Mykhayl in reply to dnovykov. | January 19, 2014 at 12:37 am

    dnovykov, you the author? Another quote from the author “…state media has its own agenda,.; quit quote. Besides the stereotypical presumption there is always a different angle, another perspective, a diplomatic view, etcetera…

    In 1994 CBS aired a 60 MINUTES piece ‘The Ugly Face of Freedom’. 17 million Americans viewed five lies as fact. First: Ukrainians were “genetically anti-Semitic”. Lie two: before Nazis entered Lviv, the Ukrainians murdered 3,500 Jews. Historical records prove fleeing Russian NKVD murdered 3,500 Ukrainians. Third lie: misinterpretation of the word “zhyd,” or “Jew” from Ukrainian-Slavonic Scripture as meaning “kike”. Lie four: the Galician Division committed atrocities when records show they didn’t yet exist. The fifth lie state aboriginal as ultra-nationalism as a major cancer in Ukraine comparing it to the US KKK. The sixth lie accused Plast, Ukrainian scouts of being a Neo-Nazi group because they wear uniforms and march. No different than American scouts, while CBS allowed their Ukrainian usage left to the distortion of the viewer. CBS and Mike Wallace later said it was acceptable to distort the facts; destroying truth for effect. The Ukrainian Diaspora took CBS to court for these lies and won. CBS was to pay the Ukrainian lawyers’ fees. CBS has never actually apologized for producing that show.

    A good recent balanced history in 4-parts is on YouTube; If not in blue cut & past into search:

    Ruce to Ukraina http://www.youtube.com/watch?v=nRr-nrJ7xvQ

    Little Rucea http://www.youtube.com/watch?v=tQp_9zGKNg4

    Together Forever http://www.youtube.com/watch?v=eaCbRAcVr8Y

    Sovereignty http://www.youtube.com/watch?v=x1ktGkGk7tI

    If the country is Ukraina, all its citizens Ukrainian, that being so the aboriginal history and culture would be called Ruce, Rucen, Rucens (Chaucer’s XIVc spelling; CT, A 52-55)?

Doug Wright Old Grouchy | January 18, 2014 at 7:38 pm

Good to hear from someone with ties to the Ukraine. Yet, I’ve always been under the strong impression that Khrushchev was noted for being the tough Soviet in charge of WWII Ukraine, a real butcher.

Somehow I doubt whether little Nikita was a good man, he went along to get along to live under Stalin. That seems to be an approach quite common in that part of the world.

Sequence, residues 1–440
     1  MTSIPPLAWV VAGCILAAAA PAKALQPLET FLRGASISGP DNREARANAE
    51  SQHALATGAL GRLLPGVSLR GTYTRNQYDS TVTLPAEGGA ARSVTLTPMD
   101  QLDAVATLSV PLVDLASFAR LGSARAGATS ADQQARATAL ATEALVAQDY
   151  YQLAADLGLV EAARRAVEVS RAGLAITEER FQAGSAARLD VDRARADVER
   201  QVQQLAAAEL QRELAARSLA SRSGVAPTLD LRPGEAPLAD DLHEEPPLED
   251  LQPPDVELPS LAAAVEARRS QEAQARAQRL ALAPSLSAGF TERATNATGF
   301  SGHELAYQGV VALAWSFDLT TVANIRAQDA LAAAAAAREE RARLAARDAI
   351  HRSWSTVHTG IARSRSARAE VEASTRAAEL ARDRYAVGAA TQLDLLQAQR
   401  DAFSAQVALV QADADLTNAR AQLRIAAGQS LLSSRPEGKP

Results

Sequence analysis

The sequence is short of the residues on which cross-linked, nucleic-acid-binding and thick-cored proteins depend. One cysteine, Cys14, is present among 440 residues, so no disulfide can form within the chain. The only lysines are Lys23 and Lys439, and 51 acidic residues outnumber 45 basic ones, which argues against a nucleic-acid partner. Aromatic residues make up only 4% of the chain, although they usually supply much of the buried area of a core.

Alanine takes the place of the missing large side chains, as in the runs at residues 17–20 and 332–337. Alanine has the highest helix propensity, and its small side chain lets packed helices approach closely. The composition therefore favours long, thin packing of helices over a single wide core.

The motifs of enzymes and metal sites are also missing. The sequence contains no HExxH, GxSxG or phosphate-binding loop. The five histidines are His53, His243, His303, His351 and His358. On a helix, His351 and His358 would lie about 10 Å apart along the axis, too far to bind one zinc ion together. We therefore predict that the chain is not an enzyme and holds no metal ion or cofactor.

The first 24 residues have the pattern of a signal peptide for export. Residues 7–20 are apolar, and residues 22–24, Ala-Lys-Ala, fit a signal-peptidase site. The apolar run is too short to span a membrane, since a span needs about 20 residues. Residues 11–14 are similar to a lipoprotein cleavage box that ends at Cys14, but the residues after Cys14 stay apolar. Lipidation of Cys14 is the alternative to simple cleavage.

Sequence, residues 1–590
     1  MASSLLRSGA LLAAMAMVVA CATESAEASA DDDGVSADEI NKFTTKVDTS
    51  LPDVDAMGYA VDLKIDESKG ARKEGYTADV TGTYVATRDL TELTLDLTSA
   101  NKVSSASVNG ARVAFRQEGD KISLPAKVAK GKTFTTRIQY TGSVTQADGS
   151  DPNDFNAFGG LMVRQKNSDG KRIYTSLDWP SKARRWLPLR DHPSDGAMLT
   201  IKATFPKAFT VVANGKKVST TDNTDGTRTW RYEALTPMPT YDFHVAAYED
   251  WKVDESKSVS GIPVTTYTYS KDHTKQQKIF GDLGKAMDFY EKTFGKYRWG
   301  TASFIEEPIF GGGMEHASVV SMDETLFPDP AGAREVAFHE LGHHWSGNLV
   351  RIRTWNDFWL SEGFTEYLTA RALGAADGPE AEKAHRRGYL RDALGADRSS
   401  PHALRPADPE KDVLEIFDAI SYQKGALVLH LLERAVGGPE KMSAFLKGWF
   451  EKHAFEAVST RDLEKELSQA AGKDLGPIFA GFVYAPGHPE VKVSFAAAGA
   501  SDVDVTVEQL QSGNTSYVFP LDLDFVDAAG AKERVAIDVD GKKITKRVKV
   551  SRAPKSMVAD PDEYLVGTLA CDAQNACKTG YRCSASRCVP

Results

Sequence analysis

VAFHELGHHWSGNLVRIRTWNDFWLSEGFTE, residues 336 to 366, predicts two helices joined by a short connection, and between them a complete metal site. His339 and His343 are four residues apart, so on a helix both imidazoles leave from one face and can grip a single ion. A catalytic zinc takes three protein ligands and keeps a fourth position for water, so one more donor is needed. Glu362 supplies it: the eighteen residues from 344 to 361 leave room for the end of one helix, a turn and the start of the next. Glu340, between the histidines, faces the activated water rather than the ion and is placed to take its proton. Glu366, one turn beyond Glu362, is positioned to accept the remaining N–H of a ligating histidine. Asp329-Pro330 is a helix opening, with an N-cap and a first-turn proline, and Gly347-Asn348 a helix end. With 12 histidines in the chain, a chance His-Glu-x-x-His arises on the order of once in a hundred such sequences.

You overlook the major reason the Ukraine’s future is bleak – demographics. The country has lost 12% of its population since the breakup of the USSR. It’s fertility rate is almost as low as Japan’s, and it also suffers from its young people emigrating, a problem Japan does not have.

It simply will not have enough young people to function – to fill jobs, to pay taxes, to allow the pensions and medical costs of the elderly to be paid.

A total economic collapse then becomes inevitable.

You forgot about NWO Its irrelevant yes so is your mentioning of antisemitism in the Ukraine Actually not quite Regarding the situation its the most appropriate Just as the nation started to wake up and free itself from the NWO bonds your beloved executors pass the law that forbids people to live Why do you not mention present Satanic regime with its animal rules throwing people out in the streets without food hope and perspective An estimated 8 mln Ukrainians left the country selling their property to your beloved government to look for the future elsewhere leaving their families children sometimes dying parents Its this order they marched on the streets in the desperate attempt to protect their rights Neither you snail have suffered a femine national clensing that was under a cover of the so called communst regime all the decident procecutions war nightmares etc But you definitely learned to cash on every misfortune that the none Jews You call them GOIMs have suffered Who is an animal buddy?
If my comment is banned is because of the snails like yourself

Michael Brytan | January 19, 2014 at 12:20 am

The author seems to think that all Ukrainian nationalist are antisemitic. For example there is absolutely no evidence that Simon Petlura the president of the first Ukrainian Republic (1918 – 1920) was antisemitic. Simon Petlura was supported the a guaranteed number of seats in the Ukrainian parliament for Jews which was something never heard of in any other European nation. He was also one of the few European leaders to support the establishment of a Jewish state in Palestine 30 – 40 years before it became fashionable. Also, there is plenty of evidence of his financially supporting Jewish refugees who fled the Soviet Union. Most importantly, Petlura was prolific writer who left large archives behind in which there is absolutely NO evidence of ANY antisemitic writing. Most of his private library remain intact in Paris. The author’s anti-Petlura feelings are a byproduct of his Soviet education which denigrated everything which was nationalistically Ukrainian.